Is a slowdown on the way?
Interest rates and borrowing costs may be surging – but Canadian home prices are continuing to rise at a rapid clip, according to new data.
The latest Teranet-National Bank composite index showed that average prices in the country’s 11 largest census metropolitan areas increased by 1.8% between June and July excluding adjustments – their second strongest monthly increase ever and the index’s fifth monthly jump in a row.
Halifax, Hamilton, Vancouver, and Toronto accounted for the largest proportional monthly growth, a sign that buyers are still eking out opportunity despite tight market conditions and steeper qualifying challenges.
Still, price gains are expected to moderate in the coming months, according to analysis from Royal Bank of Canada (RBC), as interest rates continue to impact affordability and a better supply-demand balance returns with more properties coming to market.
The rise in new listings was a particularly noteworthy trend in July’s housing market, RBC economists Robert Hogue and Rachel Battaglia said in a recent report, with sellers “stepping out of the sidelines in every region of the country.”
Hamilton saw new listings spike by 15.2%, with Kitchener-Waterloo posting a 21.2% surge, London jumping by 19.9% and Toronto, Calgary, and Ottawa all recording single-digit increases.
Nonetheless, those increases arrived “from exceptionally low levels at the start of the year,” Hogue and Battaglia noted, meaning that they “merely reset the bar closer to normal in most instances.”
RE/MAX Canada president Christopher Alexander explained that higher rates have led to reluctant buyers and sellers, causing a standstill in inventory.https://t.co/BF7c7bZ7TZ#mortgagenews #mortgagebroker #mortgageindustry— Canadian Mortgage Professional Magazine (@CMPmagazine) August 16, 2023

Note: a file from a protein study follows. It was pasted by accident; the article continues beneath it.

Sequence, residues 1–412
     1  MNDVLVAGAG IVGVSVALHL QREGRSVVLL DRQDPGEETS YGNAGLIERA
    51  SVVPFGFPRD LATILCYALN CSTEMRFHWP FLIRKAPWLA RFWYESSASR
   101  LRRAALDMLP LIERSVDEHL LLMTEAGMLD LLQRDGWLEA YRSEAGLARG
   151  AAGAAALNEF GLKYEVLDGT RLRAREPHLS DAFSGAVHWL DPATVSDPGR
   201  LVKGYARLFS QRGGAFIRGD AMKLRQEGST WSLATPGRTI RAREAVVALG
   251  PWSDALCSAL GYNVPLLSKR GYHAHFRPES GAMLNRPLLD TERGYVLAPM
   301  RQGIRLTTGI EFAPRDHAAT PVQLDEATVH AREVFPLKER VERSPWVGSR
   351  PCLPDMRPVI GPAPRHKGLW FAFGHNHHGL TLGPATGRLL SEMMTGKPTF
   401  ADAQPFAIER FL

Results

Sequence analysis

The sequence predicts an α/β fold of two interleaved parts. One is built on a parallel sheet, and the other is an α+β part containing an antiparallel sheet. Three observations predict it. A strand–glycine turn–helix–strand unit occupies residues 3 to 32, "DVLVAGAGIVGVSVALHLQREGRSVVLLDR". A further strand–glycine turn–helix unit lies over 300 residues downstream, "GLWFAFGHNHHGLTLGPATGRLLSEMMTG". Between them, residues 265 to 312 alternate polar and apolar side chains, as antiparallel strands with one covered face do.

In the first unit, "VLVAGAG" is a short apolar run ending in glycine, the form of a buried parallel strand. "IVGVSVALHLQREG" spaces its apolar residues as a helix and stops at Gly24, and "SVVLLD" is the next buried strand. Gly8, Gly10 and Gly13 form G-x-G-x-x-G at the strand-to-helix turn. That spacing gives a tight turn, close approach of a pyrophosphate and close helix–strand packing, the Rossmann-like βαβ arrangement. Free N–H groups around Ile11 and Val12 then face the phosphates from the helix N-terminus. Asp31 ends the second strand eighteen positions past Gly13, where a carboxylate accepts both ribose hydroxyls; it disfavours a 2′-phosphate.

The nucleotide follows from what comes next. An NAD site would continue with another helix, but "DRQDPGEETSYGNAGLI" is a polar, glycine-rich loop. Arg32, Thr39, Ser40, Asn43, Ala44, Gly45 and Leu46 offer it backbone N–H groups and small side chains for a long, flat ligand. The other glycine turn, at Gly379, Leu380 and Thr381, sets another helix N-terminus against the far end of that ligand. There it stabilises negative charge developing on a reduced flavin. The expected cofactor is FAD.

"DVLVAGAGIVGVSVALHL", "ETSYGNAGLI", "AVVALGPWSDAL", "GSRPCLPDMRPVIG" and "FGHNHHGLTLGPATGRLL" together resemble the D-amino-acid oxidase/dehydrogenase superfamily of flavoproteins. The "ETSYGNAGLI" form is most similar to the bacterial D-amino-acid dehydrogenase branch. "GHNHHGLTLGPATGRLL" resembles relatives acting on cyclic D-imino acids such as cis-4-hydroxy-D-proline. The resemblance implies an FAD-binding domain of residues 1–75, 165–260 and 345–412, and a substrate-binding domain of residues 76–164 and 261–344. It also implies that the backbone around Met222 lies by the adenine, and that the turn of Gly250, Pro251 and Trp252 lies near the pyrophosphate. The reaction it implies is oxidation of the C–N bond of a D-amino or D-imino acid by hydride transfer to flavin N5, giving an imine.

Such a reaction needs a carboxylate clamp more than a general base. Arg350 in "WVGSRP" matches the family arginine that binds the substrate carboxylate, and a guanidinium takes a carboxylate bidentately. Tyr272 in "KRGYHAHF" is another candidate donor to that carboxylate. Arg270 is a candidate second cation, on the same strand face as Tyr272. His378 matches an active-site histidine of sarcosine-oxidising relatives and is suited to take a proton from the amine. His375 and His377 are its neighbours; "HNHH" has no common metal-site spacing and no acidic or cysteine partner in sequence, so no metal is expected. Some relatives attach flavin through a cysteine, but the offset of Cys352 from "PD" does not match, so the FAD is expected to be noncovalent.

Have chances of a housing market crash receded in Canada?
The prospect of a severe downturn in the Canadian economy has yet to materialize, and still-robust employment figures indicate that a housing market crash is not currently into the cards, according to the interim chief executive officer of the Appraisal Institute of Canada.
Keith Lancastle (pictured top) told Canadian Mortgage Professional that with the unemployment rate having ticked only slightly upwards in recent months, a full-scale meltdown did not appear likely.
“Even with the slowdown in the economy, we’re not seeing job losses,” he said. “And we know that job losses are typically the thing that starts to trigger people defaulting on mortgages and exiting the housing market. Canadians will go without a lot of things before we don’t pay our mortgage.
“We’ll cancel our Netflix and our Disney Plus before we go short on the mortgage; we’ll sell the car before we go short on the mortgage. So we have a slowdown, but so far the slowdown has not resulted in a significant increase in unemployment.”
Why home prices are unlikely to plummet
Resilient demand will also be boosted by high levels of immigration, Lancastle said, meaning that while activity may not surge, a sizeable reduction in home prices is unlikely to transpire.
“There are some forecasts that are talking about contraction in some of the major markets, but it seems to be in markets where there was a lot of gain during the pandemic,” he said.
“And in fact, in most of those markets, from what I’ve seen it looks like we’re still basically at pre-pandemic levels. If you see a big increase in unemployment, that would be a harbinger of a more pronounced retraction in terms of pricing – but I think the absence of that is probably a suggestion that we’re going to see at least a moderate contraction, if anything.”
It’s also important to apply nuance to particular regions, Lancastle said, with certain areas within those regions seeing higher activity than others – and the popularity of specific property types also rising and falling.
“You can’t even use Southern Ontario as a single market,” he said. “You’ve got the GTA [Greater Toronto Area], which is going to be different again to a place like Peterborough, which saw huge gains. Then you have to further say, ‘Well, where’s the contraction in the GTA? Was it in the condo market? Is it in single-family homes? Is it in the higher-priced stuff or is it in the mid-priced or more entry-level stuff?’
“That’s the biggest thing. You have to look at not only prices, but also the amount of transactions to truly understand [the market].”
Make sure to get all the latest news to your inbox on Canada’s mortgage and housing markets by signing up for our free daily newsletter here.